It is hard to find all that plus number 5, but number 4 is location. Who wants an hour commute somewhere? If you already live rural, you’re probably already used to commuting quite far to your job. It’s probably something you’ve accepted if you live where you live to be close with the family that you’re going to have a commute, and that’s okay. That wasn’t like what I grew up with. I was used to usually living pretty close to where I worked and didn’t mind living in a more suburb-ish lifestyle.
I don’t mind a 30 for 45-minute commute, but 1 hour, especially if it’s a bunch of freeway driving to me and I consider my safety even, “Do I want to be driving here in the winter?” I don’t mind Ohio winters. When it’s icy, it’s dangerous to drive semi-trucks and all that stuff. No, thanks. I consider the location because, to me, that’s the time that I’m going to be taking to get to work, and time cuts into my free time.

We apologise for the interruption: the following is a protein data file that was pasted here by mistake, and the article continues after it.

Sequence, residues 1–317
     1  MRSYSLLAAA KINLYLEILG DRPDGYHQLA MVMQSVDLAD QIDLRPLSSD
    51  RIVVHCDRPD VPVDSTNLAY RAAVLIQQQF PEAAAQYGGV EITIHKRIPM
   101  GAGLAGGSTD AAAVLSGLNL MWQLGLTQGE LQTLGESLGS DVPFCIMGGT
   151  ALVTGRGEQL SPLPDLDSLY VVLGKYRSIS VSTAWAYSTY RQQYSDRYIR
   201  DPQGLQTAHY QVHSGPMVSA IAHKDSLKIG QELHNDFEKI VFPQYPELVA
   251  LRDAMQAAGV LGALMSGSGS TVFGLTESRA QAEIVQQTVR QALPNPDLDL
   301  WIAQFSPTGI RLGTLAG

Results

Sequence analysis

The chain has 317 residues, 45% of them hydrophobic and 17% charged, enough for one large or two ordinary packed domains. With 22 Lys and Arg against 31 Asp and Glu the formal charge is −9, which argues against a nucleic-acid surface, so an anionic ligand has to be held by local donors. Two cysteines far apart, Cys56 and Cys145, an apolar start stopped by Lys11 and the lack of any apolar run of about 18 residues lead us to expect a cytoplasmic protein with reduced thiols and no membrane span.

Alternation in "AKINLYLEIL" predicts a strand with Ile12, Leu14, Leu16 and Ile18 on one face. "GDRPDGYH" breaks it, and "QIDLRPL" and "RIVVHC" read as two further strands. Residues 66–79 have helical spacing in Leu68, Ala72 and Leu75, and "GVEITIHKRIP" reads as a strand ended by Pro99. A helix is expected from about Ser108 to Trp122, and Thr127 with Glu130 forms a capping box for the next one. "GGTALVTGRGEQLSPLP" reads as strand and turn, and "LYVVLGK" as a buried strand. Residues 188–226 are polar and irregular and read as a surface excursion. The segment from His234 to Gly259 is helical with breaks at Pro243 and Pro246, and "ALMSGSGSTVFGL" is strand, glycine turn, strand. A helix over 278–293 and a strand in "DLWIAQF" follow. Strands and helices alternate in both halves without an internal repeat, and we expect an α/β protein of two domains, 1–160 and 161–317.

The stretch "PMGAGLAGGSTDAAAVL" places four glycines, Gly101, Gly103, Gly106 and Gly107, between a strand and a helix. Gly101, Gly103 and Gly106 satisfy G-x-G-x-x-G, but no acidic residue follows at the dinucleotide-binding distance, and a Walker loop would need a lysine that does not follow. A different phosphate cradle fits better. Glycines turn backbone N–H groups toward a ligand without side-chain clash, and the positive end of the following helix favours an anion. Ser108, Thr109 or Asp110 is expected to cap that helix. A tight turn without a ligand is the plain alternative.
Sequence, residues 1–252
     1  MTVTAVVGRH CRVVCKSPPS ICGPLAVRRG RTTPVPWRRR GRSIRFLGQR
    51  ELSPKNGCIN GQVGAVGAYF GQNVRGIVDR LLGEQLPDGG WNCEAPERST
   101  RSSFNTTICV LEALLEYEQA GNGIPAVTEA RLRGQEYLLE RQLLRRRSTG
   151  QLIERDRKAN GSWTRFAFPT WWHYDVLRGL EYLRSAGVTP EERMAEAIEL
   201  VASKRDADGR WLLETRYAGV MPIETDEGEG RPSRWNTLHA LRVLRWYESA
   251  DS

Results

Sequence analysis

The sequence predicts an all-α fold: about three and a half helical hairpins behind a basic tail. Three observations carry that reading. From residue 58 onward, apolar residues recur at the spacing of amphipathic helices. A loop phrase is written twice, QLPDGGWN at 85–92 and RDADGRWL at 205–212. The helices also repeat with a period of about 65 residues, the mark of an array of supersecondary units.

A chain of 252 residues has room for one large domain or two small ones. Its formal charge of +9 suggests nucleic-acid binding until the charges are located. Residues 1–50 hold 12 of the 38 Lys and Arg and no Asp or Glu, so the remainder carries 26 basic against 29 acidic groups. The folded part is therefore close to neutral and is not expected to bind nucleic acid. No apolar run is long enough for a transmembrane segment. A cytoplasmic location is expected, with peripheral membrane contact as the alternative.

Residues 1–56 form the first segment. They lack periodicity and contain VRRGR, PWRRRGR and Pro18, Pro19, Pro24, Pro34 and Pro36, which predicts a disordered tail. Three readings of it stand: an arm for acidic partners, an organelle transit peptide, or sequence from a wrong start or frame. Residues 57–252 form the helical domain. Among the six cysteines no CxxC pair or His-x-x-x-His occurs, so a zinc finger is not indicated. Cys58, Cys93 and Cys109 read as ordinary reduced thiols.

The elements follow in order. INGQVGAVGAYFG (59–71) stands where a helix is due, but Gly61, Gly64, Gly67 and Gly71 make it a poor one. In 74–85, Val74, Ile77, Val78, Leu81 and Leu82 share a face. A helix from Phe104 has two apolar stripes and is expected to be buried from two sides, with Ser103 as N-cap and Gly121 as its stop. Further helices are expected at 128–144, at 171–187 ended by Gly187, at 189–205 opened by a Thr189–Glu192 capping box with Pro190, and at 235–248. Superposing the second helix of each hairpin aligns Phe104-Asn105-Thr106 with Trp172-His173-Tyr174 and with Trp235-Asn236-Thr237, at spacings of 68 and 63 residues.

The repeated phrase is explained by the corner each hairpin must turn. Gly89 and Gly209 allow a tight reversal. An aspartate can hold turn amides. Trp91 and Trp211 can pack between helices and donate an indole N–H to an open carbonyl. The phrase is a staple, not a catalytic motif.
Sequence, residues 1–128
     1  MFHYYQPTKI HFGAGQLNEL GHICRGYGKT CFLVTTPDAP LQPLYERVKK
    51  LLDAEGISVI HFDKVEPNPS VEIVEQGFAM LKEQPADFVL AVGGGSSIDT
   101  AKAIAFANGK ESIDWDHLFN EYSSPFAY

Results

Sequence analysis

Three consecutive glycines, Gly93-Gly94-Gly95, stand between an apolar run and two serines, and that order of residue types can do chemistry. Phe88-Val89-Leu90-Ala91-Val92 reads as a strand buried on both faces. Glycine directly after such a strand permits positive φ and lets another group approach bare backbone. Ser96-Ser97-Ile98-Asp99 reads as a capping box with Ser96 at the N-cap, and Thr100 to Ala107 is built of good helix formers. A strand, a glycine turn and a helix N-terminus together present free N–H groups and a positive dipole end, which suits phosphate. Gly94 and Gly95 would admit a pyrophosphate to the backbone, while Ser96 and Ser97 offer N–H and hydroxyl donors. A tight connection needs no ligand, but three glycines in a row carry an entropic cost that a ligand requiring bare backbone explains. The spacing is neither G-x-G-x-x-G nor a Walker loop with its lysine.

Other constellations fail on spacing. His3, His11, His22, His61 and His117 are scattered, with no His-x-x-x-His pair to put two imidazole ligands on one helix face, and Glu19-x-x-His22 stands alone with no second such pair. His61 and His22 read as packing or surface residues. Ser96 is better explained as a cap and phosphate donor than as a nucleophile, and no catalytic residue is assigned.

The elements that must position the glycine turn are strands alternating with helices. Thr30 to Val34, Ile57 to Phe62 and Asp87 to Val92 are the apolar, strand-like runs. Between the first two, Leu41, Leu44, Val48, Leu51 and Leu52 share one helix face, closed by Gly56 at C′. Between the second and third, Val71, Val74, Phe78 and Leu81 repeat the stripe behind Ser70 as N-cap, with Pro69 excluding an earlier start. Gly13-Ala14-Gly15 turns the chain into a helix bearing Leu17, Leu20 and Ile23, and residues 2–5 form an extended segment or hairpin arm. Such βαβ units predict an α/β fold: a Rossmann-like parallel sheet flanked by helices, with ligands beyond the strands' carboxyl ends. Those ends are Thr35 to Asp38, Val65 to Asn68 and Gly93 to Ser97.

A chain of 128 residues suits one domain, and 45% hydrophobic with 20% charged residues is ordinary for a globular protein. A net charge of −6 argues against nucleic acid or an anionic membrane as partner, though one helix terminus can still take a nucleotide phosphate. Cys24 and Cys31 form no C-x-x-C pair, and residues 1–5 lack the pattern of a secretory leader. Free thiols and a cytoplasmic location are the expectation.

If I have to spend unpaid time driving into your facility, that’s less free time that I have for myself and my family. I consider that when I’m looking at a job because, as I said, my number one priority is work-life balance, and that location takes up my work-life balance because it takes up my time. Don’t get me wrong. I’m swayed to sacrifice for a period of time. I took 1099. That’s an hour away, but that’s temporary, and I’m not doing that forever. I don’t want to. I don’t even want to drive there in the winter, and that’s where I’m at. I was upfront about that. It’s not worth my time or my safety to do it.
You might want to think about location. How far are you okay with driving to commute back and forth to work? What is your time worth? Would it be worth moving closer? Do you prefer to live further away so you can have a property you want or be closer to your family? Knowing that it may shift. You may be okay with a short commute now, but when a family gets older and you need to be closer to take care of them, maybe you’d be okay moving away and having a further commute, whatever it ends up being, or vice versa.